A three-judge panel of the First Circuit Court of Appeals in Boston unanimously ruled on Wednesday that Boston College may suspend a student the college found had sexually assaulted another student.
Boston College had decided to suspend the student for a year.
The ruling reversed a lower court decision that had ordered Boston College to take back the suspended student. U.S. District Court Judge Douglas Woodlock had found the student likely to win his lawsuit claiming Boston College deprived him of a fair process.
He ruled that the accuser and the accused "should be subject to some form of real-time examination."
"A private institution like BC should follow practices that we'll call fair process that are parallel to due process claims against public institutions," Woodlock wrote in his decision.
The First Circuit disagreed.
"The critical issue in the appeal was whether basic fairness, which is required under Massachusetts state law in all college disciplinary processes, requires some opportunity for the accused student to be able to question his accuser, even if that questioning is indirect," said Professor K.C. Johnson, of Brooklyn College, who closely tracks Title IX litigation.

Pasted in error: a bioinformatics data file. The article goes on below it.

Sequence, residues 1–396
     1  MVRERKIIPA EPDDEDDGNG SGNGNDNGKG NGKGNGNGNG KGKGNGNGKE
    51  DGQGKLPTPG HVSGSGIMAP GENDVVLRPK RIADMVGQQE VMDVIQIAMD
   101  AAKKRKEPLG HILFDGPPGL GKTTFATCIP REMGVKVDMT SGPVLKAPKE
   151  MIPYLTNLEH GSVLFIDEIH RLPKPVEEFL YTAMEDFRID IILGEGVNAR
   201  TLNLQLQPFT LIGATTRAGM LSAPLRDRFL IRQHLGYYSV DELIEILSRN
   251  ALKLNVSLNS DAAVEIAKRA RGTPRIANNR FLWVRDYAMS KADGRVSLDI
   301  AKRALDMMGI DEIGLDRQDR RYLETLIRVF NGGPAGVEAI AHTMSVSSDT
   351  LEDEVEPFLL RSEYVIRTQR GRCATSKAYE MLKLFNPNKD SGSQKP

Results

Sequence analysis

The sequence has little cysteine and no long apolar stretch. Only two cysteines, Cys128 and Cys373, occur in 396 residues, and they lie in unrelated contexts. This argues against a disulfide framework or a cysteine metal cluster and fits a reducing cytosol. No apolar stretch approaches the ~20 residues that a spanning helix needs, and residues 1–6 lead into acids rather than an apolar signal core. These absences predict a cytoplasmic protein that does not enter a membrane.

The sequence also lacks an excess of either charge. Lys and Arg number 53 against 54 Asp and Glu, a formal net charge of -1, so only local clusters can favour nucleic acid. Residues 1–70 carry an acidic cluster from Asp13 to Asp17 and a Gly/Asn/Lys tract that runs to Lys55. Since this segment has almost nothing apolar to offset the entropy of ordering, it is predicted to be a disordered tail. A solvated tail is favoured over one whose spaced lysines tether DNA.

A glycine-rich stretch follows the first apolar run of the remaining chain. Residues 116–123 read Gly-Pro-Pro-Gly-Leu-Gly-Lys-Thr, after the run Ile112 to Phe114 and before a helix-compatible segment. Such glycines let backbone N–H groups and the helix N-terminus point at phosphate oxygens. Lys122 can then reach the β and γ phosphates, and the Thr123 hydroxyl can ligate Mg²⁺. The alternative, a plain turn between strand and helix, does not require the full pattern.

Judge Woodlock ruled that there is such a requirement. He was relying on an earlier case involving UMass Amherst that suggested that there is such a requirement under the due process clause of the U.S. Constitution.
Writing for three-judge appeals panel Wednesday, Judge Sandra Lynch disagreed. She wrote that Massachusetts law does not require a private college to provide an accused student the opportunity to cross-examine his accuser.
"BC is not a public university or a government actor and is not subject to due process requirements," Lynch wrote.
Johnson says the decision is limited in national scope because it applies Massachusetts law.
Courts across the country have increasingly sided with accused students who argue they were deprived the opportunity to cross-examine their accusers.
U.S. Secretary of Education Betsy DeVos has proposed requiring colleges that receive federal funds to allow cross-examination of accusers. Her proposal has been vehemently opposed by college presidents and advocates for victims of sexual assault, who argue cross-examination would re-victimize accusers.
Title IX is the federal law that bars colleges from discriminating against people on the basis of sex, and provides the framework for college disciplinary procedures in sexual assault cases.